OTTAWA, Dec. 4, 2017 /CNW/ - Aboriginal Peoples Television Network and the Canadian Association of Journalists are pleased to announce a new award to recognize exemplary journalism that educates and informs Canadians about Indigenous experiences.
The APTN / CAJ Reconciliation Award will be part of the 2017 CAJ Awards, which will open for entries later this week. Submissions will be accepted from individual journalists, who may submit a portfolio of up to five pieces in any format, published or broadcast in Canada in 2017.
This award responds to part of the Truth and Reconciliation Commission's Call to Action No. 85. In that call to action, APTN is encouraged to continue "to develop media initiatives that inform and educate the Canadian public, and connect Aboriginal and non-Aboriginal Canadians."
Recognizing the path of reconciliation is one that all Canadians should walk together and the work of informing and educating should not fall only to Indigenous peoples, this award will recognize the work of a non-Indigenous journalist. Someone whose work has broadened the understanding of the relationship between Indigenous and non-Indigenous peoples; work that digs beneath the surface of a news event and educates Canadians on the historical and ongoing challenges of the relationships between Canada's Indigenous peoples, the people in power and the people who've come to call Canada home.
"Non-Indigenous journalists also have a role in contributing to reconciliation, and some have been producing excellent work," APTN executive director of news and current affairs Karyn Pugliese said. "We want to recognize a journalist who has taken on the challenge of reaching beyond their own experiences to contribute to a greater understanding of how First Nations Métis and Inuit people are working through the challenges to remake their place in Canada."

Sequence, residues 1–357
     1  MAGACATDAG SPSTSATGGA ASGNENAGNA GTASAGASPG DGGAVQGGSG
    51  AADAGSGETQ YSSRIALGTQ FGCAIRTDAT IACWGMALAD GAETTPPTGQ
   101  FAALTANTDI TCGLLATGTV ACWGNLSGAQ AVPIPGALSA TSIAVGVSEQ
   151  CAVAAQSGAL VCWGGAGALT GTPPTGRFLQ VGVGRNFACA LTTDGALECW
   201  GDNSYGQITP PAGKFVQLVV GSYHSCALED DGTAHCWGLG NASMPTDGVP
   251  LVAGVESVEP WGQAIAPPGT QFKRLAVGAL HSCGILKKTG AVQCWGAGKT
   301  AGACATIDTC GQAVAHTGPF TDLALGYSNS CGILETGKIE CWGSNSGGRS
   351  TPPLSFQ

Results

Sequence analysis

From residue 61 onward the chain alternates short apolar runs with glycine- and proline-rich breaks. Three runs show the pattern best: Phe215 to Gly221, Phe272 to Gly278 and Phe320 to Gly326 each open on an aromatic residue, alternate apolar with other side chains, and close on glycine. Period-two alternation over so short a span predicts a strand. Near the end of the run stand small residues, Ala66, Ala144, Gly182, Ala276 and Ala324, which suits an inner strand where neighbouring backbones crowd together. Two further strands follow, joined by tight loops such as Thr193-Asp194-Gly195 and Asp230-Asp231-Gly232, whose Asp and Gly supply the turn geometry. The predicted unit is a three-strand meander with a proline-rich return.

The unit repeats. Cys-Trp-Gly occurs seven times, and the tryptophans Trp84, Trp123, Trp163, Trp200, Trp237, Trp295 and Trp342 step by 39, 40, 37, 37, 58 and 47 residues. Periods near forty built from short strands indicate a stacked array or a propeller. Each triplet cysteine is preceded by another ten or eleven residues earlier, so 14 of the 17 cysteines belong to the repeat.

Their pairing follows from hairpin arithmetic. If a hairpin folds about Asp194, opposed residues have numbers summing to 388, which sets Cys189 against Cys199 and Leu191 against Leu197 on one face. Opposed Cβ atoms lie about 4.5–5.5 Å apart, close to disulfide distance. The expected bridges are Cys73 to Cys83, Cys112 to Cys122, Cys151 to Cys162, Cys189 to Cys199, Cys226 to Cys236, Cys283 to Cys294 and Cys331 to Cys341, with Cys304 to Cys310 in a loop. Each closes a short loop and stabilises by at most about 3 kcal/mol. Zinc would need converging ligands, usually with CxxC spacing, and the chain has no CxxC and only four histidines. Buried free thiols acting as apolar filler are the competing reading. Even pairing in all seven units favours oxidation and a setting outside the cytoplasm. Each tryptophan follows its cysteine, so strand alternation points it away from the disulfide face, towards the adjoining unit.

The deadline for submissions is Jan. 15, 2018. All entries are submitted online, and details will soon be posted at www.caj.ca/awards. Up to five finalists will be named in the spring of 2018, with the recipient announced at the CAJ conference in Toronto, scheduled for May 4-5, 2018.
"The CAJ is proud to partner with APTN on this new award," CAJ president Nick Taylor-Vaisey said. "APTN has become a valued partner, through this award, the Aboriginal Investigative Journalism Fellowship and ongoing contributions to our annual conferences. We are honoured to play a part in assisting APTN with this response to the TRC's calls to action."
The CAJ is Canada's largest national professional organization for journalists from all media, representing about 600 members across the country. The CAJ's primary roles are to provide public-interest advocacy and high-quality professional development for its members.
APTN launched in 1999 as the first national Aboriginal broadcaster in the world, creating a window into the remarkably diverse mosaic of Aboriginal Peoples. A respected non-profit, charitable broadcaster and the only one of its kind in North America. Sharing our stories of authenticity in English, French and a variety of Aboriginal languages, to approximately 11 million Canadian TV subscribers. With over 80% Canadian content, APTN connects with its audience through genuine, inspiring, and engaging entertainment through multiple platforms.
SOURCE Canadian Association of Journalists